Our findings reveal extremely high levels of LGBT workers reporting unwanted touching, unwanted attempts to kiss them or unwanted touching of their breasts, buttocks or genitals in the workplace; incidents which could be defined as sexual assault under UK law. Both LGBT men and women also reported high levels of serious sexual assault and rape at work.
However, LGBT women were significantly more likely to report all of these experiences than the men who responded to our survey.
More than a third of women (35 per cent*) who responded to our survey had experienced unwanted touching, for example placing hands on their lower back or knee, compared to around one in six men (16 per cent).
More than one fifth (21 per cent*) had experienced sexual assault, for example unwanted touching of the breasts, buttocks or genitals, attempts to kiss, compared to one in eight men (12 per cent).
One in eight (12 per cent*) LGBT women had been seriously sexually assaulted or raped at work, compared to one in fourteen men (seven per cent).
Qualitative evidence from this research and The Cost of Being Out at Work survey shows that many lesbian and bisexual women have experienced verbal sexual harassment from men at work, which included threats of unwanted sexual activity aimed at ‘turning them straight.’ These threats link to a specific form of targeted sexual violence experienced by lesbian and bisexual women where sexual assault and rape are used as a way of punishing and ‘curing’ them of their sexual orientation. This is also known as ‘corrective rape.’ 16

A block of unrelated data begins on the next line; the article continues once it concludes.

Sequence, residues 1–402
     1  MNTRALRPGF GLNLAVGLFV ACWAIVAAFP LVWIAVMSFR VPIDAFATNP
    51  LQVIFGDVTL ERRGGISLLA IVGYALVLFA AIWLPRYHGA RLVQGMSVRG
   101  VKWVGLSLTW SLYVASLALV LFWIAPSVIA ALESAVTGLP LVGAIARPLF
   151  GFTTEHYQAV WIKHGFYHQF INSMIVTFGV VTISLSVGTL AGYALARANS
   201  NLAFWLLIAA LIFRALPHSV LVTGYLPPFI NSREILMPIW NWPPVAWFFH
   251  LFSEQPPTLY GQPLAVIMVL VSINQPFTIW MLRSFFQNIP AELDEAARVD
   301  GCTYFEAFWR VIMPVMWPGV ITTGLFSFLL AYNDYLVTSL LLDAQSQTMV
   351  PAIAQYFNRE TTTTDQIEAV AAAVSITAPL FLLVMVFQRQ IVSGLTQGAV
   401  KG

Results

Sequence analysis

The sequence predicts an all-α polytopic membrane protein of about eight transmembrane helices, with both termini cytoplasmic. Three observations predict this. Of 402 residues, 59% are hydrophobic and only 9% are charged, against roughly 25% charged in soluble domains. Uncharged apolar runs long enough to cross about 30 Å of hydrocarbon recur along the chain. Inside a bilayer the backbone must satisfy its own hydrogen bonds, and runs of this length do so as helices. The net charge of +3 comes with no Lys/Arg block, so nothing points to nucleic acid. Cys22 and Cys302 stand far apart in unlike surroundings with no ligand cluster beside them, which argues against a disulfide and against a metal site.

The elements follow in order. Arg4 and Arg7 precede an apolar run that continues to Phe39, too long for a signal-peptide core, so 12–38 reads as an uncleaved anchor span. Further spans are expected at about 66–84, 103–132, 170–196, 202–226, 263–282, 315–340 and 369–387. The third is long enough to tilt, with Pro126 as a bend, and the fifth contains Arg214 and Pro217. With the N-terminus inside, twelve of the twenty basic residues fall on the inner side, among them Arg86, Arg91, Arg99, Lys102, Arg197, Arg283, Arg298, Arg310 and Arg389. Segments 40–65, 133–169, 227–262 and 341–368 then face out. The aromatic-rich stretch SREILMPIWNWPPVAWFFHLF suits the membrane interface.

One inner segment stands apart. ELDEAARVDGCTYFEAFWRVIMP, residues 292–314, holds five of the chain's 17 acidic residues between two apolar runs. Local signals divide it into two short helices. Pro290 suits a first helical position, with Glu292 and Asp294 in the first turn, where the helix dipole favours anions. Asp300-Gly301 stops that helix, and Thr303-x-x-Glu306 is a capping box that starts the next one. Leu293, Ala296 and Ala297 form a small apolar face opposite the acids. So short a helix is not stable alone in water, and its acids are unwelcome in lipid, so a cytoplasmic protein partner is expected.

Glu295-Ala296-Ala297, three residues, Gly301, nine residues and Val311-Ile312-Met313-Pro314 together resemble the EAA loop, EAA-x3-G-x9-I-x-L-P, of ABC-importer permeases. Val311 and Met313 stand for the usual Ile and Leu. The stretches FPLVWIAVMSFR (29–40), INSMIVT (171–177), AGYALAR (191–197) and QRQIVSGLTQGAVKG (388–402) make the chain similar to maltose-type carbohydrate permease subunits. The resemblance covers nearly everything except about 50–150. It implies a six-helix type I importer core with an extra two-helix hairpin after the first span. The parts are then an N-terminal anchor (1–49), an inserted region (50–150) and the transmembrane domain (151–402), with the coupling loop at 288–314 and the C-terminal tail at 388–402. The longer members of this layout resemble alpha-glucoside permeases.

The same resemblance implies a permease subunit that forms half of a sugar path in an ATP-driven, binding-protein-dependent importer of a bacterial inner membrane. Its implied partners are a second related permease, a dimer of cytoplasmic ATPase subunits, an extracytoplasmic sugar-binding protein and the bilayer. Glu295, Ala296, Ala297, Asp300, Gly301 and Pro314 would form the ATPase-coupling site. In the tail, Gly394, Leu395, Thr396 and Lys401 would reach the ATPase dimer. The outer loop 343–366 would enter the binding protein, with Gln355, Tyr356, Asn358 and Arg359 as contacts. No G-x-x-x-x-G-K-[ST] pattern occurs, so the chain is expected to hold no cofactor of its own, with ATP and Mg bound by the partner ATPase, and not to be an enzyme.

One lesbian reported an escalating scale of sexual harassment that started with comments about turning her straight and escalated to unwanted touching and sexual assault.
Touching my breasts on a work night out… trying to kiss me… it was related to turning me straight and trying to show me what I am missing.
Want to hear about our latest news and blogs?
Sign up now to get it straight to your inbox